"It was a designed screen," Robert said. "I just tried to stay patient and let the defensive linemen move up the field, and I snuck by them. John threw a perfect ball and I was able to tiptoe down the sidelines and stay in bounds."
Both teams struggled on their next two possessions – a Concordia three-and-out, a Gould interception, a Concordia interception and another Gould interception at the Cobbers' 5-yard line on a fourth-and-10 pass. But the Tommies forced another short punt into the wind and took over the ball at the Concordia 31 with 2:46 remaining in the half.
Four offensive plays later, St. Thomas had a 28-7 lead. The first touchdown came on a 25-yard run by Waldvogel, who broke four tackles en route to the end zone. Concordia could not move the ball and its punter bobbled the snap, which was recovered by Dylan Andrew at the Cobber 17. Gould hit Gilliland on the first play for a touchdown, with 28 seconds left.
Caruso marveled at the 1-2 punch of Roberts and Waldvogel in running the ball, and used a baseball analogy to make his point. Roberts is a punishing runner, "like a fastball," Caruso said, while Waldvogel is more elusive, "like a knuckleball."
Concordia fights back
Concordia tried to battle back in the second half, drawing to 28-14 on the last play of the third quarter on a 35-yard pass from Michael Herzog to Jon Baune. The Cobbers appeared to recover an onside kick, but a player touched the ball before it traveled 10 yards and the Tommies took over at the Concordia 44.
Roberts took over again, picking up 36 yards in seven straight runs before the Tommies settled for a 38-yard Graupner field goal. After another Concordia punt into the wind, Gould hit Gilliland for his second touchdown pass, this one from 52 yards and a 38-14 lead.
Aside from two long plays – the Montonye run and the Baune touchdown reception – the Tommies never let Concordia establish a consistent attack. The Cobbers finished with 21 net rushing yards in 37 runs, after deducting 94 yards from sacks and tackles for loss.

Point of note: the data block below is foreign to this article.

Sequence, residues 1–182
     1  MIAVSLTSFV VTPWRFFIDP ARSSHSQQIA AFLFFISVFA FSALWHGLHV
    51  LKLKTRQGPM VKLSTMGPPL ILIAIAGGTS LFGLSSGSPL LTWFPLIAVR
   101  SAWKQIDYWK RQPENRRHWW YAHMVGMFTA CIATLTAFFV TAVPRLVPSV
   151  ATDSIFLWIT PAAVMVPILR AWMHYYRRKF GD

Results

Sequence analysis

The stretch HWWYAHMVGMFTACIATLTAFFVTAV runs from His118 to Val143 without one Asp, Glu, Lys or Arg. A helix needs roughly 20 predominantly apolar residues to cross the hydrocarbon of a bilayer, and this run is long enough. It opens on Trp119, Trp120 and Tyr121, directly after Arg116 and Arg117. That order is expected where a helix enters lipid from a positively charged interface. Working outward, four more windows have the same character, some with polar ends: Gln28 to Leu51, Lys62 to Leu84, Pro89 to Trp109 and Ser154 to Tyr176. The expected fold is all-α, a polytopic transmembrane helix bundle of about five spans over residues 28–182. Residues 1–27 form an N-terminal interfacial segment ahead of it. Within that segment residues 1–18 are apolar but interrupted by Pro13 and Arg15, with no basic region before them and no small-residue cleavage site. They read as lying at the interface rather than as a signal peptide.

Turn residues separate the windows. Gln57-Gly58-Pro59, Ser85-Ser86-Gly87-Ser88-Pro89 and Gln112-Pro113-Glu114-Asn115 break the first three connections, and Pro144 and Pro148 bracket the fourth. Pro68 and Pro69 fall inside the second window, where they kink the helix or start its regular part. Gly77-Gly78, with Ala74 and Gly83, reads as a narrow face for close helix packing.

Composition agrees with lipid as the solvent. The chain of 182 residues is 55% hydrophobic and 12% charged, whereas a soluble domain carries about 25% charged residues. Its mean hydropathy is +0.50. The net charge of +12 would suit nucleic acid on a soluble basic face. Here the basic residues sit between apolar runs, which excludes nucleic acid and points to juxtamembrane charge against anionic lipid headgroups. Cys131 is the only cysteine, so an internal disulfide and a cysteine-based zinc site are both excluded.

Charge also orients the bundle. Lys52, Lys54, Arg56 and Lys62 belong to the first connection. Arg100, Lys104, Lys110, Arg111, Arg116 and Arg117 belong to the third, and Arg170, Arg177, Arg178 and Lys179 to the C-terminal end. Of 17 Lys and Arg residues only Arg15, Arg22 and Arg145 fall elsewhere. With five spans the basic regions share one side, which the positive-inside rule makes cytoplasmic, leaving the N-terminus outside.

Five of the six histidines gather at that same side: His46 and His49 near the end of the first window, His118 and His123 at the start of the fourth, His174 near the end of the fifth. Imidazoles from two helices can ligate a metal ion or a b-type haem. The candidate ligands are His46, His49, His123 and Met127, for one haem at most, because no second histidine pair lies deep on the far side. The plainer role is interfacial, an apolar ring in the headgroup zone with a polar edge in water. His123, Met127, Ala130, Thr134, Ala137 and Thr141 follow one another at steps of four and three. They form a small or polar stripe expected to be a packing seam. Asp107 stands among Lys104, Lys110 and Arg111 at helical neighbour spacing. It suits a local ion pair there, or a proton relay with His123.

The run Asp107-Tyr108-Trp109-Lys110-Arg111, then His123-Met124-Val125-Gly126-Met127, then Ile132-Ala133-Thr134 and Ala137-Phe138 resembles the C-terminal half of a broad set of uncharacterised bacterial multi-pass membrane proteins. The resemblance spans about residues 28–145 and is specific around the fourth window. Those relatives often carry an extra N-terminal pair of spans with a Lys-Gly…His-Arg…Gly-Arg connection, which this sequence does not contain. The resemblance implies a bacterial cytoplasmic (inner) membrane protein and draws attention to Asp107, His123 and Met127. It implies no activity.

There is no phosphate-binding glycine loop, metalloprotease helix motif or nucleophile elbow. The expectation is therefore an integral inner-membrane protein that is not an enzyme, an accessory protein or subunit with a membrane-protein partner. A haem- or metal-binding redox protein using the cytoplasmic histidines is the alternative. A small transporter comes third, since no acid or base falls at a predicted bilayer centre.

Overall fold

"Nothing unusual," said Winter, the defensive lineman whose three sacks and a fourth tackle for loss cost Concordia 18 yards. "We knew they were going to have to come out and throw the ball, so we kept calling blitzes and were able to get to the quarterback. We got there so quickly I think he was in shock."
"I'm anxious to watch the film and count the knockdowns and the hits on the quarterback," Caruso said. "They take their toll. We got to him all day long."
• The Tommies have outscored opponents 234-28 in the first half; have nine straight games with more than 400 yards of offense; and on Saturday punted for only the third time in the last four games. Only one opponent has gained more than 300 yards.
• If Caruso was displeased about anything, it was penalties. The Tommies drew 13 whistles for 157 yards, compared with Concordia's five penalties for 44 yards. St. Thomas came into the game averaging 66 yards in penalties. "I'm disgusted with that," Caruso said. "We'll clean it up."
• Through their first nine games, the Cobbers outscored opponents 89-28 in the first quarter, including 7-0 over St. Thomas, and scored on their opening drive in seven games. But they lost their first game after scoring on the game's first drive. Their 179 totals yards were less than half their 428-yard average, and they had been averaging 229 rushing yards.